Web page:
Why it’ll take years to see what Proxima b is like

Image: Proxima Centauri b
An artist’s conception shows a view of the surface of the planet Proxima b, with the red dwarf Proxima Centauri near the horizon. (Credi:t: M. Kornmesser / ESO)

University of Washington astronomer Rory Barnes says Proxima Centauri b is the biggest discovery in 20 years for planet hunters like himself, but it could take another 20 years to find out just how livable it is.

The alien planet orbits a red-dwarf star at a distance that puts it in a zone where liquid water could conceivably exist. The fact that such a world circles the sun’s nearest stellar neighbor, 4.2 light-years away, puts it on top of the list of potentially habitable planets beyond our solar system.

Barnes, however, emphasizes the word “potentially.” During a lecture at Seattle’s Pacific Science Center, set for 7:30 p.m. tonight, the UW astronomer will delve into the opportunities and obstacles for life on Proxima Centauri b.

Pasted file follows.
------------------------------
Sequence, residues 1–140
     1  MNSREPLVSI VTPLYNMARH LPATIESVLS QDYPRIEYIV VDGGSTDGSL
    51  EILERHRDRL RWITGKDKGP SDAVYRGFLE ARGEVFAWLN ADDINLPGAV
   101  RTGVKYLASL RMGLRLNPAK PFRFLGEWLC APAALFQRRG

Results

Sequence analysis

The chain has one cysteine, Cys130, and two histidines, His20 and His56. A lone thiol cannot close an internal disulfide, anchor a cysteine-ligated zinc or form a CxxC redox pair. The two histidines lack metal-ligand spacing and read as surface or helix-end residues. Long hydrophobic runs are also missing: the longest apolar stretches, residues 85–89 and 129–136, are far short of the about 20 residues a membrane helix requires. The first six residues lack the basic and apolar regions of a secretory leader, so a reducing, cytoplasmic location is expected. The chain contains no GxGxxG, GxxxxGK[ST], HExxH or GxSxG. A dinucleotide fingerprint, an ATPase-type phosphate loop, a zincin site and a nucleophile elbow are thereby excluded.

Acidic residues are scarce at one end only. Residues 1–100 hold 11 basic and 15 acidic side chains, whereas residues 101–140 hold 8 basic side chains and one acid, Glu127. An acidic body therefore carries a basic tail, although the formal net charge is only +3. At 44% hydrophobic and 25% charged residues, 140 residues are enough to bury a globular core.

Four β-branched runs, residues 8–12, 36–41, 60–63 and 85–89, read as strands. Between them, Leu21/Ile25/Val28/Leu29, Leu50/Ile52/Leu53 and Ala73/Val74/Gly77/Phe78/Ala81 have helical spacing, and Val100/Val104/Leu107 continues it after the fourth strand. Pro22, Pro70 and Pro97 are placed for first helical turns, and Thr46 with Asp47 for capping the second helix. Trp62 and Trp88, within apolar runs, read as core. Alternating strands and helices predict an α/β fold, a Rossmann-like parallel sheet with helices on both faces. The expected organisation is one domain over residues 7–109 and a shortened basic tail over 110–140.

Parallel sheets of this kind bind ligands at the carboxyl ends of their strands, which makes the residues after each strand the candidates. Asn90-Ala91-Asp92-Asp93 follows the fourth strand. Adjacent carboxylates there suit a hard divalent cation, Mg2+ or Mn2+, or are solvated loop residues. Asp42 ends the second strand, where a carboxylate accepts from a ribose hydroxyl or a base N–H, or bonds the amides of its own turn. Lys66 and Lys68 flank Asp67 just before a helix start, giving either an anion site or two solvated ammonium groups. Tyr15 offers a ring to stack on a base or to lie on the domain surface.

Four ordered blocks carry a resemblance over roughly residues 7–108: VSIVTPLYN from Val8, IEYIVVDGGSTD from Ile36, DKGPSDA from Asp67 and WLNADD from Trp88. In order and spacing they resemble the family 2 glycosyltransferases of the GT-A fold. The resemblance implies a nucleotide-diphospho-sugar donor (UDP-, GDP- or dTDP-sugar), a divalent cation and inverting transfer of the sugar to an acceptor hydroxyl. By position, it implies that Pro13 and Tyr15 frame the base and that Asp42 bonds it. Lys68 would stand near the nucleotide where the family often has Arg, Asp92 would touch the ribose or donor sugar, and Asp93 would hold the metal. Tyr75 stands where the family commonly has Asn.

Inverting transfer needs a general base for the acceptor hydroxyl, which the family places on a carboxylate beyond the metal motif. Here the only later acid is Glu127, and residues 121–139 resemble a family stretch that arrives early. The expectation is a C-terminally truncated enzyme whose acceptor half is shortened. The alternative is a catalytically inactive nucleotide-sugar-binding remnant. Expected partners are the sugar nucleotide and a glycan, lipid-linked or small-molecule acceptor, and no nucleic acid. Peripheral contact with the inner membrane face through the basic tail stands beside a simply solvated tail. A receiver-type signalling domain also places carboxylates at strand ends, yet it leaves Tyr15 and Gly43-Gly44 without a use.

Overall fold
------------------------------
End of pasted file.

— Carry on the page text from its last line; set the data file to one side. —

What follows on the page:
“We’re looking at a 15- to 20-year time frame before we can answer this question of whether it’s habitable,” Barnes told GeekWire in advance of the talk.

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By Alan Boyle

Mastermind of Cosmic Log, contributor to GeekWire and Universe Today, author of "The Case for Pluto: How a Little Planet Made a Big Difference," past president of the Council for the Advancement of Science Writing.

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